Saturday, June 9, 2012

Goal Setting

We've all been given lectures on goal setting, haven't we? Especially at the start of the year when people set resolutions and intentions for the year. It's all well and good to think about what you would like to accomplish, but it is absolutely critical that those resolutions and intentions are backed up with a solid plan, and that there is regular reflection on those goals. Without follow-up and follow-through, goals stay as meaningless statements of intention. Just talk with no walk.

Being June now, we are halfway through 2012. Now is as good a time as any to reflect on things and assess where you're at in achieving the goals you set earlier in the year. Have you actually done what you've said you're going to do? Or have you taken the steps to ensure that those goals are achieved? If you answered "yes"you're on track. If you said "no" to both questions, it may be time to reassess and re-set your goals.

It might sound cliche, but I really do like the S.M.A.R.T. goals concept and believe they really are relevant when it comes to running. Whether your goal is to learn how to run, learn how to love running, run a new distance, or improve your finish time on a previously completed distance, all goals are equally valuable and important to set and it's important that the goals are both smart and S.M.A.R.T. This will keep you on track, keep you focused, prevent injury, and remind you of why you are tying up your laces regularly. It is crucial for maintaining a positive attitude toward your running, and not discourage you because you shot for something too high. I am not going to lie to you and say that there are never days where I really don't feel like running. There are plenty of days like that. But keeping my mind centered on my goals reminds me that each run I do is important. It also decreases the likelihood of giving up entirely, even if a day off or so is taken when I'm really not feeling it.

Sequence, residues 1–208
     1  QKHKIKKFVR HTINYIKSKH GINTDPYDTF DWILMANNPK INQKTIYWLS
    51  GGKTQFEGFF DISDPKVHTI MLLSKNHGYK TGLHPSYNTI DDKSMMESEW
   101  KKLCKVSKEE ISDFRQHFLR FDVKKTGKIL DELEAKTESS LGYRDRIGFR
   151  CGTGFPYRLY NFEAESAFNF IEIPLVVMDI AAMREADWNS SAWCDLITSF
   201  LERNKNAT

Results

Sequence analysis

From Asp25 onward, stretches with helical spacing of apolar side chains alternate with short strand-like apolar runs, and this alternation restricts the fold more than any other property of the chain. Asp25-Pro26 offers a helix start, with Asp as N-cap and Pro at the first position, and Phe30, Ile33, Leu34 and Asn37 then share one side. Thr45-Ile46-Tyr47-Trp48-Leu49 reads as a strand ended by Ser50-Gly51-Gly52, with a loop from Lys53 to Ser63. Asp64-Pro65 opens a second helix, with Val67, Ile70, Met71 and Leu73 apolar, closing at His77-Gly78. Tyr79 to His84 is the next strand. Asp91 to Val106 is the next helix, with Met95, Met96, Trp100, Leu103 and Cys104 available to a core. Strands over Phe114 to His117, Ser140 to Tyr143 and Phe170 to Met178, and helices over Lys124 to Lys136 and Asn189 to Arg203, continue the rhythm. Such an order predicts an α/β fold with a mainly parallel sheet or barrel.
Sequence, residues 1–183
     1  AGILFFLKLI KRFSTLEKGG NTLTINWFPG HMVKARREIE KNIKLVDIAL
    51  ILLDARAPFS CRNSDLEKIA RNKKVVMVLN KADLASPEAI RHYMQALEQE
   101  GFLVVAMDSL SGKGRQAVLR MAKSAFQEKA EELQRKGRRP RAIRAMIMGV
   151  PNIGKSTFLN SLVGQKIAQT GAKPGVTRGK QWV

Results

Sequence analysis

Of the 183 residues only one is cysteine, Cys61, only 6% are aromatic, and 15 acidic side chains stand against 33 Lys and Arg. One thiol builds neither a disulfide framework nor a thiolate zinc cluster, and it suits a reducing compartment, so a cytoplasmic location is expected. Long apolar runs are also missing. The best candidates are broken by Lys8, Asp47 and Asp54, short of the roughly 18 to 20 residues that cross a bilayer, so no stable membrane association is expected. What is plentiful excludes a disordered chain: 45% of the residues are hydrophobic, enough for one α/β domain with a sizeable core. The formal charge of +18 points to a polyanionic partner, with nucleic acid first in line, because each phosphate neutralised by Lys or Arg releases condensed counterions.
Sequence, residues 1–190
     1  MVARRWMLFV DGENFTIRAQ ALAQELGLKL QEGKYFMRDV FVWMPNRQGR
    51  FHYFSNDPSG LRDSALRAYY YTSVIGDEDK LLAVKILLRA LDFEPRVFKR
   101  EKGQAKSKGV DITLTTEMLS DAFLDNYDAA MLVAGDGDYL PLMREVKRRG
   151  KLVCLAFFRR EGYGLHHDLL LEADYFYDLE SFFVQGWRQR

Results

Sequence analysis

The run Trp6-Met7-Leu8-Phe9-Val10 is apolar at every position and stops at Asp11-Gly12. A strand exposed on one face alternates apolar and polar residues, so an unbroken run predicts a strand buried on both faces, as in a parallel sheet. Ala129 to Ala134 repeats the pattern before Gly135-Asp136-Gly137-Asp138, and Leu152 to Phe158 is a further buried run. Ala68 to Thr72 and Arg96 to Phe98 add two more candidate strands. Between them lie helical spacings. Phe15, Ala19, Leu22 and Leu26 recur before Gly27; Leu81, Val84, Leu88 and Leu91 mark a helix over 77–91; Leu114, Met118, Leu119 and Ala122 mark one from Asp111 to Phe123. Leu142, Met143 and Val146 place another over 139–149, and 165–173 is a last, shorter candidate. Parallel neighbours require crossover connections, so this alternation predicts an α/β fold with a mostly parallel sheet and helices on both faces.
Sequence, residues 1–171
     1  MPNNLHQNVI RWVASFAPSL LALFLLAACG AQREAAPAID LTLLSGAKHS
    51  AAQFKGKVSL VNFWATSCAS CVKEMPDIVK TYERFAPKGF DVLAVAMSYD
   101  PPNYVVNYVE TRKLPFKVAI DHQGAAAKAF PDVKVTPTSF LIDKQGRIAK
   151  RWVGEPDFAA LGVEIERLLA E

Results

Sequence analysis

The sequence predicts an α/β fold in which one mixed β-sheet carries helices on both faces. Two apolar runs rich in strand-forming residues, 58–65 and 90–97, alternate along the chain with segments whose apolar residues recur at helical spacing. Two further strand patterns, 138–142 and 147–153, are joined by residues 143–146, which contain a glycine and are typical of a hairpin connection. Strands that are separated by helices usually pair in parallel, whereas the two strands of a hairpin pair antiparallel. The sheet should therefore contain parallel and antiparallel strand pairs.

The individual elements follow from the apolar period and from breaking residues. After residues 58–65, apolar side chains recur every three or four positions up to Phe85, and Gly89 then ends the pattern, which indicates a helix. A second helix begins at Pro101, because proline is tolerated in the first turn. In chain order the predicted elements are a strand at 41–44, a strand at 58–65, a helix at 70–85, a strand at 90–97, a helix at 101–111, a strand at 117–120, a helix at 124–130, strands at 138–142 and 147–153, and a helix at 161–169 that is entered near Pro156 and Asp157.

I am going to go over S.M.A.R.T. goals one letter at a time, but use specific examples based on common running goals to illustrate how you can set the smartest goals for yourself:


Smart goals are SPECIFIC
  • My goal is to learn how to run
    • I will be able to run for 10 minutes without stopping.
  • My goal is to learn to love running
    • I will join a running club that will allow me to meet like-minded people that I can run with.
  • My goal is to run a new distance
    • I will run a half marathon before the end of 2012, and commence a complete training program 16 weeks prior to the selected race date.
  • My goal is to or improve my finish time on a previously completed distance
    • I will make adaptations to the training I did for this distance previously to incorporate strength-training, tempo runs, and speed sessions at the track. 
Smart goals are MEASURABLE 
  • My goal is to learn how to run
    • I will start by doing 2:1 run/walk intervals and progressively increase the ratio over time. I will buy a watch with an interval timer to help me track my intervals. Success will be measured by the comfortable increase in the interval.
  • My goal is to learn to love running
    • I will track and measure my success by regularly writing down my thoughts on my attitude toward joining each weekly group run. I will challenge myself to suggest/say yes to joining a fun run we can do together in the community. I will also consider suggesting we run in beautiful or new areas to change routine and add adventure to our running.
  • My goal is to run a new distance
    • I have selected a race to complete October, therefore training will start in June. I will measure my success by crossing the finish line with a smile on my face!
  • My goal is to or improve my finish time on a previously completed distance
    • I will track my progress at my training sessions, by noting in my training journal if up-tempo workouts are feeling progressively easier and are getting faster. I will measure my success by crossing the finish line in less time than before. 
Smart goals are ATTAINABLE 
  • My goal is to learn how to run
    • I am new to running and not wanting to bite off more than I can chew and choosing a long distance as a first goal. 10 minutes is a stretch for me, but something I can easily get to with patience, time, and a good solid plan. Once I achieve this goal, I can move onto something bigger!